If you want to be able to make remote Web-based updates to your site, content kept in a database, content feeds from other sites, a robust approve workflow, or complete management of your Web site through an application, Contribute won’t do much for you.

If anyone else can shed some light on this package i would be most grateful

MrSpeed




msg:660163
 2:27 am on Jan 10, 2006 (gmt 0)

I've heard of people using it but primarily for source control.

You can't update the site remotely, it has to be from a machine that has Contribute installed and licensed. This to me seems highly impractical.

If you are in a company and can map a drive to your web server it works fine. I'm not sure if or how it would work on a remote web server. Does it allow FTP?

tedster




msg:660164
 2:51 am on Jan 10, 2006 (gmt 0)

FTP is built into Contribute -- as well as page-version rollback. So the edits need to be done within Contribute for all of that to coordinate. All the changes are immediately published live, and the Contribute Administrator generates a key for each user, so they each can only make the kinds of changes that they are specifically authorized for.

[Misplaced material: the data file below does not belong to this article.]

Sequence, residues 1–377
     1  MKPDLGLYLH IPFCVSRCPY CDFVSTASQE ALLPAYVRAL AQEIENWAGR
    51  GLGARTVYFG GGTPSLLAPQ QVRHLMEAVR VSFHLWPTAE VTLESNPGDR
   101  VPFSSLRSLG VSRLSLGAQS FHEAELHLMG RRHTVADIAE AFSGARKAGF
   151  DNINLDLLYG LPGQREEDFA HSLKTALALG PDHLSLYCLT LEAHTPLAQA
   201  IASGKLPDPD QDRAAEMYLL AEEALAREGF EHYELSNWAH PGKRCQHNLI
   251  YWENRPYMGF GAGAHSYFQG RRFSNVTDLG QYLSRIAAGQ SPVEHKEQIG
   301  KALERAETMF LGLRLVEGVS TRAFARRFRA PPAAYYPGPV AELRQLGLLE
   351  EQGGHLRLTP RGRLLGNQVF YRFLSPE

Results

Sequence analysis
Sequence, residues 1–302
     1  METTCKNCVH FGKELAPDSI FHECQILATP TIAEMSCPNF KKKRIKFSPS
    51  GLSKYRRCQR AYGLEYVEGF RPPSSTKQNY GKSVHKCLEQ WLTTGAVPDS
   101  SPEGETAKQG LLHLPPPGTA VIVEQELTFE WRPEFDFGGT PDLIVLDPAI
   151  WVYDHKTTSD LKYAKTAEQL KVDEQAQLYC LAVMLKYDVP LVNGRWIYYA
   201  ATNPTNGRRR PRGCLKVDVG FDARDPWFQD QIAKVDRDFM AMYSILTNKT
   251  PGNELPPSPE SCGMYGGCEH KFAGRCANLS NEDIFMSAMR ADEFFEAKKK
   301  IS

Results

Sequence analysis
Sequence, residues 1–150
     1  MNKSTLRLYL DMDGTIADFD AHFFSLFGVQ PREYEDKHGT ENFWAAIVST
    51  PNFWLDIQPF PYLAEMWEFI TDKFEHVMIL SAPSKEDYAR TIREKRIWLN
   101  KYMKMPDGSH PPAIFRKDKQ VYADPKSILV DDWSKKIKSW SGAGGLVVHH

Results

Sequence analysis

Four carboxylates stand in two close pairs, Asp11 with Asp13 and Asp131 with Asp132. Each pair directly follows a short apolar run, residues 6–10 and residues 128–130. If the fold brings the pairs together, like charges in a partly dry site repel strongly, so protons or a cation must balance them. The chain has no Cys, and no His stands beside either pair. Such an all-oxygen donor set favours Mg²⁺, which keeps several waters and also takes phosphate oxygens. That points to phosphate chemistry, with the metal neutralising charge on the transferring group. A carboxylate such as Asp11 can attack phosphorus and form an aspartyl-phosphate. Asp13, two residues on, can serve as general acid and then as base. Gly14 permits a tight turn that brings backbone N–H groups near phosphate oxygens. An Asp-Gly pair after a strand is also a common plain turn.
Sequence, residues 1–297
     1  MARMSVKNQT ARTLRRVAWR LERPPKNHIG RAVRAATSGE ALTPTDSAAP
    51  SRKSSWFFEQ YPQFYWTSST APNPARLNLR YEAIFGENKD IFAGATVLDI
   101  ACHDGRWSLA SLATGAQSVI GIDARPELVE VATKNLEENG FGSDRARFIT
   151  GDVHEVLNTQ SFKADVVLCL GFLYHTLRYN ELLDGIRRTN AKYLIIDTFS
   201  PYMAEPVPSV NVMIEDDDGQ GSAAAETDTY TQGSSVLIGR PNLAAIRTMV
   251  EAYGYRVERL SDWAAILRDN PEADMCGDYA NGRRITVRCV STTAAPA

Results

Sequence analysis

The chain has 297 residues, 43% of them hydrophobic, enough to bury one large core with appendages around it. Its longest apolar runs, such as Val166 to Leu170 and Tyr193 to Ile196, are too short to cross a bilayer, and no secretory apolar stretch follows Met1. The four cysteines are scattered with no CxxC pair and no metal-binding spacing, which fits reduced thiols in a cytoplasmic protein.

Since it is a Macromedia product, it has good integration with Dreamweaver (editable regions, templates and the like.)

There definitely are more full-featured CMS available, but this one is a no-brainer for most end users who can handle a browser and a word processor. Very little training is required.

le_gber




msg:660165
 9:41 am on Jan 10, 2006 (gmt 0)

I'm with tedster on this one - anyone who's used MS word and their browser can work out how to use Contribute.

I've installed it on two of my customer's systems and it's got quite good CSS support (they were table-less CSS sites).

It was for small companies so they wouldn't have to update their sites from any other computer than the ones that Contribute was installed on.

Stronkie




msg:660166
 11:43 am on Jan 10, 2006 (gmt 0)

Ok. So if I want to develop a corporate site which may contain news feeds from other sites then is this the right product?